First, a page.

Lakers’ LeBron James Rips Refs After Traveling Calls

LeBron James, Lakers (right)

Getty LeBron James, Lakers (right)

The Lakers lost a tight one on Monday to the Warriors, but if you ask folks in the purple-and-gold, they’ll tell you, subtly, that they also lost to the NBA’s pack of referees. Complaints about officiating were abundant in the postgame press conferences.

No one was more frustrated with the refereeing in the game than LeBron James, and his ire was focused on a 12-second span in the final two minutes of the game in which he was whistled for a traveling call and Warriors forward Draymond Green was not.

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James responded after the game:

I don’t know. I seen ’em on replays, and it was the move I’ve been making pretty much my whole career. If that’s the call that’s gonna be called travel, then I’d like to see it across the whole board. Every game, consistent like that.

It’s so funny because the very next play, Draymond gets into the lane and slides his foot, and it’s not called and the same official [who] called me for travel is right there on the play, and told me he didn’t travel. That’s definitely something that I gotta be more leery about, but I have not been called for travel like that in my career.


LeBron James & Draymond Green Clearly Traveled

The call against James came with 1:51 to play in the game and the Lakers trailing by two. James had the ball on the right wing and as he began to drive to the rim, he picked up his foot without traveling. That is, technically, a travel and refs have been tightening up on those calls this season.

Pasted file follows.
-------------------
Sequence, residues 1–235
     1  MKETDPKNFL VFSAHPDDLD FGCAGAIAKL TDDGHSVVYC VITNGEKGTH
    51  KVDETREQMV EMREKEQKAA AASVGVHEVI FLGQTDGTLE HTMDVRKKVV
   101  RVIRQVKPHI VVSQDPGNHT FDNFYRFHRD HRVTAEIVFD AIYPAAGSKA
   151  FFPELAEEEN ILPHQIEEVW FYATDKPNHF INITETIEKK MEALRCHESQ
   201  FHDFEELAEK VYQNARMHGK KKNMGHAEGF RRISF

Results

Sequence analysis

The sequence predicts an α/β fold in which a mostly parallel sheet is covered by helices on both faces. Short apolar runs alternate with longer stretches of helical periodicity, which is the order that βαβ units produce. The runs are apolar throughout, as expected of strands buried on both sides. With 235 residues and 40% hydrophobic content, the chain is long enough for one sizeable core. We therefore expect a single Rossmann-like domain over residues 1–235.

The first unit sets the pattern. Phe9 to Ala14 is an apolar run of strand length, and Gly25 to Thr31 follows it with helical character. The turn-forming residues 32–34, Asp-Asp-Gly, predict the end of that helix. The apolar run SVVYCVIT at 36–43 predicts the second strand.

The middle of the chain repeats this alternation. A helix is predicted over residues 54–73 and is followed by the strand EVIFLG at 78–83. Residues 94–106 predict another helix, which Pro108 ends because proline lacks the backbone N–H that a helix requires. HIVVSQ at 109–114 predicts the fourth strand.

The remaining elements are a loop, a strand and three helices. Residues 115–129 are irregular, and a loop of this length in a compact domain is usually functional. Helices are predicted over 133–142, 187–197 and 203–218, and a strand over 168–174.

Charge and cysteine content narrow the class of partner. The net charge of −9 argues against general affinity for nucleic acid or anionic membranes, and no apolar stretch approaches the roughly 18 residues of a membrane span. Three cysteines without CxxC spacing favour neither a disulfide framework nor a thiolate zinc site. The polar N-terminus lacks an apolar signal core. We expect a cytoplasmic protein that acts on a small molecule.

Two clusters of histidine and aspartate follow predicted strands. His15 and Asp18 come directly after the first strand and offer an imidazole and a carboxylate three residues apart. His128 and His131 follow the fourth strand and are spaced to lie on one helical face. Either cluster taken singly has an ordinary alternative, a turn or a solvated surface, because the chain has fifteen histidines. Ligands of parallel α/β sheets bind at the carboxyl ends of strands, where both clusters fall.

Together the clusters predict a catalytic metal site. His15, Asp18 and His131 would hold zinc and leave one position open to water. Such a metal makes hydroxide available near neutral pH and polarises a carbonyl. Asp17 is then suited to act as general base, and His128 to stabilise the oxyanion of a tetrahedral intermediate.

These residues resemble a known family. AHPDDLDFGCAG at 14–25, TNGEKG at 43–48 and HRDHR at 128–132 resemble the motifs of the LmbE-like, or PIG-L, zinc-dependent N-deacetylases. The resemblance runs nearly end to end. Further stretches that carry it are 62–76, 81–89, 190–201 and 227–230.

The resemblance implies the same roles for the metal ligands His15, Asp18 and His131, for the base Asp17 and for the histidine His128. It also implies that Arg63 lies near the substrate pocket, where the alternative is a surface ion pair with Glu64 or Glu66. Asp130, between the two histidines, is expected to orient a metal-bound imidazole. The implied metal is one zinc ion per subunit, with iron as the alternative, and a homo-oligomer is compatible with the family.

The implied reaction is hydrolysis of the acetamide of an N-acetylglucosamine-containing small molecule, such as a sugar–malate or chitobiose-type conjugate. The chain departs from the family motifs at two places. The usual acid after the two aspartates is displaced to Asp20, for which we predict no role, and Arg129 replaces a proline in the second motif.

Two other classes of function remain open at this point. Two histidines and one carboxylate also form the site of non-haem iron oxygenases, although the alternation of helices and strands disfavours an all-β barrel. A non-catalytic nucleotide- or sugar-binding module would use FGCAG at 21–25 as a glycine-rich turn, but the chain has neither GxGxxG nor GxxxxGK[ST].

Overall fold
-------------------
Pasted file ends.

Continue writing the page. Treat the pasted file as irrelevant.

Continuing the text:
Here is the travel call against James:

The second call came as the Warriors attacked the basket the other way, with Green gathering the ball after a pass from Stephen Curry on a cut into the lane, moving both feet, then moving both feet again without being whistled for traveling.

The NBA did admit that the non-call on Green’s travel was an error when its two-minute report was released on Tuesday.


Lakers Frustrated During, After Loss to Warriors

James had been called for an almost identical traveling violation minutes earlier in the fourth quarter. That time, he had the ball on the left wing and was attempting to make a drive when he picked up both feet and was whistled for the turnover.

But, leading up to that play, Dennis Schroder took a pass at the top of the 3-point line with no one on him and only 4.3 seconds on the shot clock. Rather than going up with the shot, Schroder faked, then passed to James with the shot clock at 1.8 seconds.

After the play, James had words for Kentavious Caldwell-Pope, who had also passed up an open look on the play.

After the game, Lakers forward Kyle Kuzma acknowledged that the team was frustrated down the stretch of the game. “We had a couple possessions, a couple travels off of extra passes that we could have shot and fired,” Kuzma said, according to The Athletic.

Coach Frank Vogel got into the fray, too, with 6:32 to play in the game. The Warriors’ Eric Paschall bowled toward the basket and ran over Schroder, laying out Schroder on the court. No charging call was whistled and Vogel was so upset, he received a technical foul.

It was the fourth tech of the game, two against the Warriors and two on the Lakers.

Vogel, though, remained diplomatic after the game. “I don’t have anything to say about the officiating,” he said.

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